The commentary to the Model Penal Code, which classifies most attempts as the same grade of crime as the completed offense, points out that ... the bases for sentencing are [generally] the same whether the crime is completed or only attempted. "To the extent that sentencing depends upon the antisocial disposition of the actor and the demonstrated need for a corrective sanction, there is likely to be little difference in the gravity of the required measures depending on the consummation or failure of the [criminal's] plan."[10]

Based on this analysis, my colleagues conclude that the legislative intent behind AS 12.30.040(b)(2) will be defeated unless the statute is interpreted to include attempts as well as completed sexual felonies.

In my view, Mack v. State is distinguishable. In Mack, we found clear legislative intent to ban courts from granting a suspended imposition of sentence to all sex offenders.[11] Bourdon's case is more like George v. State,[12] where we applied the general rule of statutory construction that ambiguities in criminal statutes should be narrowly read and construed strictly against the government.[13]

The legislative history of AS 12.30.040(b) does not show that the legislature intended to include anything but the listed crimes in *322 the ban on post-conviction bail. Under these circumstances, I would apply the rule of statutory construction that criminal statutes should be strictly construed against the government. Bourdon's prior conviction for attempted sexual assault in the second degree is not one of the prior offenses set out in AS 12.30.040(b). I do not believe we should expand the statute to include attempts without clearer direction from the legislature. Accordingly, I would hold that the superior court erred in concluding that Bourdon was not entitled to bail under AS 12.30.040(b).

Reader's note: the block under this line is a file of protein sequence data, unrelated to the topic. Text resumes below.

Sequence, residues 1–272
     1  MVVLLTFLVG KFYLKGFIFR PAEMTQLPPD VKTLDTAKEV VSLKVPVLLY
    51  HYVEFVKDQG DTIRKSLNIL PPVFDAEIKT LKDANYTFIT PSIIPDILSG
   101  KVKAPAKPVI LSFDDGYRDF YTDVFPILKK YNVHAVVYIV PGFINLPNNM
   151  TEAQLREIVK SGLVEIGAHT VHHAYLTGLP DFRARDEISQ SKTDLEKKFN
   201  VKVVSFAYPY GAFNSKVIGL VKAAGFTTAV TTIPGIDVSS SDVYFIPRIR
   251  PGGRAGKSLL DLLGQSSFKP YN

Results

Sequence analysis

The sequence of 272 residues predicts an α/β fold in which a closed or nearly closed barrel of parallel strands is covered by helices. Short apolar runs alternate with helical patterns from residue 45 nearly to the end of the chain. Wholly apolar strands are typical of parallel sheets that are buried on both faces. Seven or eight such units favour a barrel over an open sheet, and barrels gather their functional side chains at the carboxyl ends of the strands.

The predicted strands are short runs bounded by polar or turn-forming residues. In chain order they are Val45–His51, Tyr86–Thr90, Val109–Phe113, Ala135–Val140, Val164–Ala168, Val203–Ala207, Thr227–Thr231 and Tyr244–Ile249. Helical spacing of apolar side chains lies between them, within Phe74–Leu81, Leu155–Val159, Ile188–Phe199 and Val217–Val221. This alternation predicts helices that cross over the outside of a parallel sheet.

Because the majority of the court concludes that Bourdon's prior conviction for attempted sexual assault in the second degree precludes his admission to post-conviction bail under AS 12.30.040(b), we must next address Bourdon's contention that the statute violates equal protection. On this issue, the members of this court are unanimous: the statute is unconstitutional.

Does AS 12.30.040(b)(2) violate equal protection?

In determining whether a statute violates equal protection, we are to determine whether a legislative classification treating some people differently from others can be justified:

When adjudicating an equal protection claim under Article I, Section 1 of the Alaska Constitution, the basic question is whether similarly situated people are being treated the same. Often (as in this case), it is clear that the legislature is treating some people differently from others, and the court's real task is to assess whether this different treatment is justifiable. We must ask why the legislature chose to treat the two groups differently, and whether there is in fact a relevant difference between them. If so, then our next task is to examine how the legislature's classification hurts the disadvantaged group of people and to judge the significance of this legislated disadvantage. If the legislature's action adversely affects important individual rights, then the legislature's goal must be correspondingly important, and the classification drawn by the statute must be closely tailored to achieving that goal. Conversely, if the legislation affects only lesser rights or interests, then the legislation can rest on a lesser goal, and the means chosen to achieve that goal can be less precise.[14]

In Griffith v. State,[15] we concluded that both the state and the defendant had substantial rights at stake when the defendant applied for bail pending appeal.[16] We recognized that the state had substantial reasons for limiting bail pending sentencing and appealto assure the defendant's appearance and compliance with further orders of the court, and to protect the community.[17] On the other hand, we recognized that denial of bail pending appeal had a significant impact on a defendant"the possibility of wrongful detention, the loss of income, the diminution of investigative opportunities, and the impairment of the family relationship."[18]